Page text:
Michael Freudenthal

If no one seems to notice that my character is ill or drunk, I go for a big loud gesture. Knock over a table while stumbling. Start a fight with a marine surrounded by all her buddies. Collapse on a table where a bunch of people are sitting (if it looks like they aren’t doing something intense). Drop a metal tray that will clang satisfyingly.
Jeffrey Mann


Bibliography

Wikipedia: Heuristic. https://en.wikipedia.org/wiki/Heuristic, ref. Dec. 1st, 2019.


Authors

Magnar Grønvik Müller
Magnar Grønvik Müller (b.1986) has lectured edu-larp design for various NGOs, educational institutions, and at the Larpwriter Summer School. He is currently finishing his BFA at the Oslo National Academy for the Arts.
Monica Hjort Traxl
Monica Hjort Traxl (b. 1982) is a Copenhagen-based larper and gamer. She is somewhat known for having a very rare last name.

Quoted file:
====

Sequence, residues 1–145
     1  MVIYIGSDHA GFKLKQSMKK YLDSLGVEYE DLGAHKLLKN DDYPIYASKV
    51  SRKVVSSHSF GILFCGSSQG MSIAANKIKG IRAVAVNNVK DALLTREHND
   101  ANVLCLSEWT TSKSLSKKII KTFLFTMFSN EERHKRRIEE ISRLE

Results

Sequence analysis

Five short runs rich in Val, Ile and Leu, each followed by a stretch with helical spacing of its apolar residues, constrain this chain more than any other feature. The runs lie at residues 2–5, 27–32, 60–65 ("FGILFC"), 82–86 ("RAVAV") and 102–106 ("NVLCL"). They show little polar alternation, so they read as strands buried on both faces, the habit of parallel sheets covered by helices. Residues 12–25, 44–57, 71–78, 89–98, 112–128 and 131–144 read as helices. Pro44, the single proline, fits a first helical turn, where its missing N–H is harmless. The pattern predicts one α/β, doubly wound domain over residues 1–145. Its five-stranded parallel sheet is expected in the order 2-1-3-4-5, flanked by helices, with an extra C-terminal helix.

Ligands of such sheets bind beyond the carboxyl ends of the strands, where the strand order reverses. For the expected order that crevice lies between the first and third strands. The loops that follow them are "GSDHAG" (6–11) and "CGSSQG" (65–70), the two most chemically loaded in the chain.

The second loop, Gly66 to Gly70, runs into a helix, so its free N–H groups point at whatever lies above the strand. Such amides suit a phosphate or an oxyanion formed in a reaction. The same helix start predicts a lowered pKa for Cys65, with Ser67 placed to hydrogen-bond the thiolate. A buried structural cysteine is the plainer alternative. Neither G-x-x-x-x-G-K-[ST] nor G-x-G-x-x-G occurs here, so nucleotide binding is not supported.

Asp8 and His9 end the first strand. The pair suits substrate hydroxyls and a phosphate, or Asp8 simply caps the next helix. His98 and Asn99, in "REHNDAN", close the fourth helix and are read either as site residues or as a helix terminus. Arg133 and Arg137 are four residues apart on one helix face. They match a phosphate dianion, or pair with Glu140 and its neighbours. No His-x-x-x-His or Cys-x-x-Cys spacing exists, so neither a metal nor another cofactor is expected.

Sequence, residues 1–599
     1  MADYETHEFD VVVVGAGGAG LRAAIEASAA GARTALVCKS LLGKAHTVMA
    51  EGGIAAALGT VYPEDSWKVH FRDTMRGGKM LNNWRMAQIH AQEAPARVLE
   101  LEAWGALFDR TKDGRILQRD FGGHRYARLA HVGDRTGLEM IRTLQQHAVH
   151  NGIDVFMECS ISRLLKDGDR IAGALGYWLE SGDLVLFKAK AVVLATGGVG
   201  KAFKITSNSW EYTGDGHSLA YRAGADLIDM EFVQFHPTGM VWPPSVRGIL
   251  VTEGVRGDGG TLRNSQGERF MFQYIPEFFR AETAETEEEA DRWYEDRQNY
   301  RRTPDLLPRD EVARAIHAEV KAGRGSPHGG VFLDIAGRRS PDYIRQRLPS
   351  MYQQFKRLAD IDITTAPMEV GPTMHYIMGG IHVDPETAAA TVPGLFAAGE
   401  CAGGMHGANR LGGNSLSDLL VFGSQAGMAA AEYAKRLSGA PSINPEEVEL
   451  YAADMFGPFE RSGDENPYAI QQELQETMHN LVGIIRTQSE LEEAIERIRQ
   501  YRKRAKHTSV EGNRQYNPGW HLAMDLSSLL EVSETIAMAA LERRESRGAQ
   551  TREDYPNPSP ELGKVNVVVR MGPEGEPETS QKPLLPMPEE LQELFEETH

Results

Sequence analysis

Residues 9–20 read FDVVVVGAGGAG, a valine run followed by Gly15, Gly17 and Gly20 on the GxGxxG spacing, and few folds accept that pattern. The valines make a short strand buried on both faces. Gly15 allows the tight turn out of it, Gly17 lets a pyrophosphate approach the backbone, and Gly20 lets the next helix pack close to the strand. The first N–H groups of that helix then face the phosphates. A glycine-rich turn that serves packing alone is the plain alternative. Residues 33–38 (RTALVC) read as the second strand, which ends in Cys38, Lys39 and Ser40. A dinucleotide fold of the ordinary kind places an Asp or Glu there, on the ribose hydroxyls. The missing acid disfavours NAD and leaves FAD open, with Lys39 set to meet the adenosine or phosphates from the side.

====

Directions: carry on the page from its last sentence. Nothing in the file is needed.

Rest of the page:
Moyra Turkington
Moyra Turkington (b. 1972) is a Canadian larp practioner. She is the leader of the War Birds Collective — an international community designing political games about womxn fighting on the front lines of history.
Evan Torner
Evan Torner (b. 1982) is an American professor of German who began doing larp theory and design a decade ago. He co-founded the Analog Game Studies journal and the Golden Cobra Challenge. Photo by Jenni Toivanen.
Karin Edman
Karin Edman (b. 1980) is a Swedish larp designer with a love for the physicality of larp, and has written of larps like The Witches of Ästad Farm and Vedergällningen.
Elina Gouliou
Elina Gouliou (b. 1977), a Greek in London, has been active in the larp community for over 10 years. Elina loves playing on emotions. She often helps write, edit, and project-manage larps and larp publications.